Chapel Hill, NC, University of North Carolina Press, 2014, ISBN: 9781469614076; 208pp.; Price: £24.50
Concordia University, Montreal
Date accessed: 7 August, 2020
Sportswear is as much a signifier of American cultural identity as are apple pie and the Super Bowl. As Deidre Clemente shows in her expansive study of the history of fashion on American college campuses, the comfortable and casual sportswear adopted by collegians made their way gradually, over the course of the first half of the 20th century, into the mainstream, forever affecting the ways Americans dress. College campuses across North America are not simply indicators of fashion trends and collegiate taste, but material registers of cultural ideals and social mores. As a means toward providing historical evidence for her central argument that ‘[t]he modern American wardrobe was born on the college campus in the first half of the twentieth century’ (p. 1), the author delves into the rich archival legacies of a select set of Ivy League, state and historically black colleges and universities across the United States. Unfortunately absent is a rationale for the selection of the colleges under review.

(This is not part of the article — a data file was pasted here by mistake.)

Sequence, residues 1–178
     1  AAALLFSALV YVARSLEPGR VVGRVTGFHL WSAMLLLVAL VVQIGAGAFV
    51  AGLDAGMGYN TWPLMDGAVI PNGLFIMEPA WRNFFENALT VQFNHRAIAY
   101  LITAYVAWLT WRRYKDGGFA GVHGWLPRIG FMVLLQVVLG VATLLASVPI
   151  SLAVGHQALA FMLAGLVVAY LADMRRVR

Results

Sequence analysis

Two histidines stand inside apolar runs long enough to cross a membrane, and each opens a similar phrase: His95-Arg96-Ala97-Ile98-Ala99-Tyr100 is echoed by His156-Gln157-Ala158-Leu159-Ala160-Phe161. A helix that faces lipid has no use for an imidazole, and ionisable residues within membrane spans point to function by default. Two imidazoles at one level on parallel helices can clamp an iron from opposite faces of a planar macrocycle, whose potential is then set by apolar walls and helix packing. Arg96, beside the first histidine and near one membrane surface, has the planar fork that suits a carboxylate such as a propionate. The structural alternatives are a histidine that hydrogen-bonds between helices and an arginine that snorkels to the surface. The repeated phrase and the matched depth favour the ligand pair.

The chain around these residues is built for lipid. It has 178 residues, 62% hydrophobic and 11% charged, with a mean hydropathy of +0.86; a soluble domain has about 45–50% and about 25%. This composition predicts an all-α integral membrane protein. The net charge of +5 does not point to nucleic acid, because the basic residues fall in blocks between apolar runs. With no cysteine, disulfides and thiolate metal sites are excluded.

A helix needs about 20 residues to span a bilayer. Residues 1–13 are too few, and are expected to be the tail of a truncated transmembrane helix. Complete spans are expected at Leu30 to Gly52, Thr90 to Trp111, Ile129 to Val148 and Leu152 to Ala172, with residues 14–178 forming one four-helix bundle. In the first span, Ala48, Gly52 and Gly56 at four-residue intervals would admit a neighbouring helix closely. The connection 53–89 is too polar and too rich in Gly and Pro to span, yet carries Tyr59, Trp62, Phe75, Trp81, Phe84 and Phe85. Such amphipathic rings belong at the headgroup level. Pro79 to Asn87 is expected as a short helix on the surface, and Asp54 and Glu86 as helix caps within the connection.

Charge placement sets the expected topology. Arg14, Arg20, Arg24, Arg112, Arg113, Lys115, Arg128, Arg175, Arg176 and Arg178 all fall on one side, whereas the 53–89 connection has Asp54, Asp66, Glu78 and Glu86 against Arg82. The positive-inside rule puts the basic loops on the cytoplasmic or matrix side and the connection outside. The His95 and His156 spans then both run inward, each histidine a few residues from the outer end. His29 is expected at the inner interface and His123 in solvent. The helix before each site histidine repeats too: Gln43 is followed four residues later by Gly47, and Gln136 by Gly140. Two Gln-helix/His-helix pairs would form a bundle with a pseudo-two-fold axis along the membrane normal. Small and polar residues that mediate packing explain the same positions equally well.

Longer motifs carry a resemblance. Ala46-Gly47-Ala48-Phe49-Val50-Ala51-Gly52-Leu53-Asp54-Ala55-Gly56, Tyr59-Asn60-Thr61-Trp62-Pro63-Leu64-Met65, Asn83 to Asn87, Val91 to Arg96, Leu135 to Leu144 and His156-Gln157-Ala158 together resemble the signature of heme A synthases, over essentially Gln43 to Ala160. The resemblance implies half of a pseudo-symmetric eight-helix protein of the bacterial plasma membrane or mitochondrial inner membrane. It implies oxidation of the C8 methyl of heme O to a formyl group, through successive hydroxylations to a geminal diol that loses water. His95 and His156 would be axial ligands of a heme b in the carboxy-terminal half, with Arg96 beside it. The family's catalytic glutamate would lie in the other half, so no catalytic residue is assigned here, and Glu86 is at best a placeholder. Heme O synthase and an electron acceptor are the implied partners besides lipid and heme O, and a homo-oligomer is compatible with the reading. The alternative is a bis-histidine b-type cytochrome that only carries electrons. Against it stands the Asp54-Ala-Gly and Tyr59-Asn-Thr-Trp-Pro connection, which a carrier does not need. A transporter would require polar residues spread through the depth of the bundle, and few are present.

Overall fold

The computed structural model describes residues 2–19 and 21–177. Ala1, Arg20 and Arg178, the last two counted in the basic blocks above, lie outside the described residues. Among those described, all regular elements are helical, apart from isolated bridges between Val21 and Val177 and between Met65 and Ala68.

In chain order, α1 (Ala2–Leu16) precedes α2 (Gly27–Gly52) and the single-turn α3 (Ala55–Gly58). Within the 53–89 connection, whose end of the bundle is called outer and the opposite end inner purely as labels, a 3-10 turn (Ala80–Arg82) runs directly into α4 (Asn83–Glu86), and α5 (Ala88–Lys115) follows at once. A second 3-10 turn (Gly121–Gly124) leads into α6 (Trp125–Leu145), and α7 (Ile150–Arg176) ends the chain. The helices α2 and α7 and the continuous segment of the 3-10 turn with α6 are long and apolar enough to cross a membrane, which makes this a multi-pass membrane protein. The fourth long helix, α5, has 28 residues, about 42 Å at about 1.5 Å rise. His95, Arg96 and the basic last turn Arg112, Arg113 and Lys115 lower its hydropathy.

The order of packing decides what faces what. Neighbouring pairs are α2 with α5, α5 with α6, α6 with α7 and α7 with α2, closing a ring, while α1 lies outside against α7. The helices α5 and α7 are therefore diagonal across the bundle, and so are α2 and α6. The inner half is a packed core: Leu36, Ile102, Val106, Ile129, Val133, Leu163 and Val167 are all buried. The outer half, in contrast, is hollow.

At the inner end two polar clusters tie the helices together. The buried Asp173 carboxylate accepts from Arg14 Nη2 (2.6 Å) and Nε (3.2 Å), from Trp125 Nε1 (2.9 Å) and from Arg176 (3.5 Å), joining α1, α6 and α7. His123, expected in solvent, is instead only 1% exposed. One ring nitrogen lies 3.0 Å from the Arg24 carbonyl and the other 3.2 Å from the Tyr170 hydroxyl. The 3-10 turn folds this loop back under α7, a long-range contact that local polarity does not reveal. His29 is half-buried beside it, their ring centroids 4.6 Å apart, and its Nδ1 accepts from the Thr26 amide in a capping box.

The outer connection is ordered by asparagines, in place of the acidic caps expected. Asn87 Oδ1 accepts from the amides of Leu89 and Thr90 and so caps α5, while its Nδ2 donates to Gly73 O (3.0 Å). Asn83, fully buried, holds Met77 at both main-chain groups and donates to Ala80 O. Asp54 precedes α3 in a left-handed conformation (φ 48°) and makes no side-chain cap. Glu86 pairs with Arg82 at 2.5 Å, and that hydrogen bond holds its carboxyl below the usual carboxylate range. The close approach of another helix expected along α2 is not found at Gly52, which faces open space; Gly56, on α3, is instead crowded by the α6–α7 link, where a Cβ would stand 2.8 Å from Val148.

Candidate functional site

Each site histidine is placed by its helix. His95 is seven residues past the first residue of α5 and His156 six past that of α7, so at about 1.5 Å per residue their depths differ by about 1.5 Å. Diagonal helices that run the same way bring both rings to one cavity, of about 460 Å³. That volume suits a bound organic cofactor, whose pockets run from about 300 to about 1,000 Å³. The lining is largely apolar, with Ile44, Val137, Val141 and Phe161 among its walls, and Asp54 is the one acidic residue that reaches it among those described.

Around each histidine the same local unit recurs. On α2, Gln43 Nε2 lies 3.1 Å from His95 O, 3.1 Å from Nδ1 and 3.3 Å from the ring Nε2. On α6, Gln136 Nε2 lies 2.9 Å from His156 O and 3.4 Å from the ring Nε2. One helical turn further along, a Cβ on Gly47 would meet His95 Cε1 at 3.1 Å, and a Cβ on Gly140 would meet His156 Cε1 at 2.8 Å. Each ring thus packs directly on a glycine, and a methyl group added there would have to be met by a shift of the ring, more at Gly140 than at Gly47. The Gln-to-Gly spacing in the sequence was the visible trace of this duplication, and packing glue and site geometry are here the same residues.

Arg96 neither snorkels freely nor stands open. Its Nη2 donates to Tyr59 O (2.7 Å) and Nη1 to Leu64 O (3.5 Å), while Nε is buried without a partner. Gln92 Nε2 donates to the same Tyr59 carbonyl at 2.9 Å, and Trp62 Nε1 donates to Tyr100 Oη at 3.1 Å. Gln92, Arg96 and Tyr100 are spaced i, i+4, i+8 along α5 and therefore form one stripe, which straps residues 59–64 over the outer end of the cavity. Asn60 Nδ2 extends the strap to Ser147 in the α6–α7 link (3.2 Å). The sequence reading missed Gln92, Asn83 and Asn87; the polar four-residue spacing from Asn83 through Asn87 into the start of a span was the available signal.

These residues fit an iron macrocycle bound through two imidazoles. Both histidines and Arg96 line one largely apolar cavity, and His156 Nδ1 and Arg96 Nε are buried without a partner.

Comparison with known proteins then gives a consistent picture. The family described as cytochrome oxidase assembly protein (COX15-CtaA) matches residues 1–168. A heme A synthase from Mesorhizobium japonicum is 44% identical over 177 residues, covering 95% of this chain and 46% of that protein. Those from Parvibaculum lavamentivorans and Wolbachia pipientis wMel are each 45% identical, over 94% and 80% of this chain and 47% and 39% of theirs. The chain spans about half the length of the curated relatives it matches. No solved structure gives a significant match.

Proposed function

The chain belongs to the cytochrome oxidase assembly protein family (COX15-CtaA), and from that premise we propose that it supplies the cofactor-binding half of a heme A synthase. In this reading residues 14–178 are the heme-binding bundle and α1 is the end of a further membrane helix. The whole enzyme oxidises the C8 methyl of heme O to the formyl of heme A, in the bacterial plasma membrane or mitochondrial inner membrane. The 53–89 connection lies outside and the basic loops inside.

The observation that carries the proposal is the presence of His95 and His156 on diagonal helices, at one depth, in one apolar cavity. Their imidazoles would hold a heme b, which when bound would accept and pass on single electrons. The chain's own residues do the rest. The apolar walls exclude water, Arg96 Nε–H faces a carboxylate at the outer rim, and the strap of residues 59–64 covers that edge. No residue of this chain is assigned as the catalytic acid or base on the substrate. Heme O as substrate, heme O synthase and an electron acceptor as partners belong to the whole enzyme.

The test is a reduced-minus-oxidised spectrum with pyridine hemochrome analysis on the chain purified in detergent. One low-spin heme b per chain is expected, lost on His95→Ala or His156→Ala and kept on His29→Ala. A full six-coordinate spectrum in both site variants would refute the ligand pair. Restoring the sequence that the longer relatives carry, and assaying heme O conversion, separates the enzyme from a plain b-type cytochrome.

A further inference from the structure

Clemente focuses her attention on the turn of the century to 1960, the period she argues witnessed the ascendancy of youth culture and its direct and palpable impact on American culture, taste and everyday fashion. The period’s changes, she argues, demonstrate a ‘seismic shift’ in collective notions of taste, wherein collegians across the United States played a formidable, if not the most important, role. Youth culture’s impact on the American wardrobe was in turn greatly aided and abetted by eager retailers whose role was no longer that of educators of style, elegance and taste as it had previously been, but of savvy marketers responding to the needs and desires of collegians in what was a shifting cultural and moral landscape. For as Clemente rightly asserts, ‘[t]he book is about how cultural standards are forged, challenged, and then recast’ (p. 4). This book, then, within the American context, is more than just about mere sweaters and plaid jackets, it demonstrates how these garments, amongst others, and one’s choices are the very stuff of culture itself.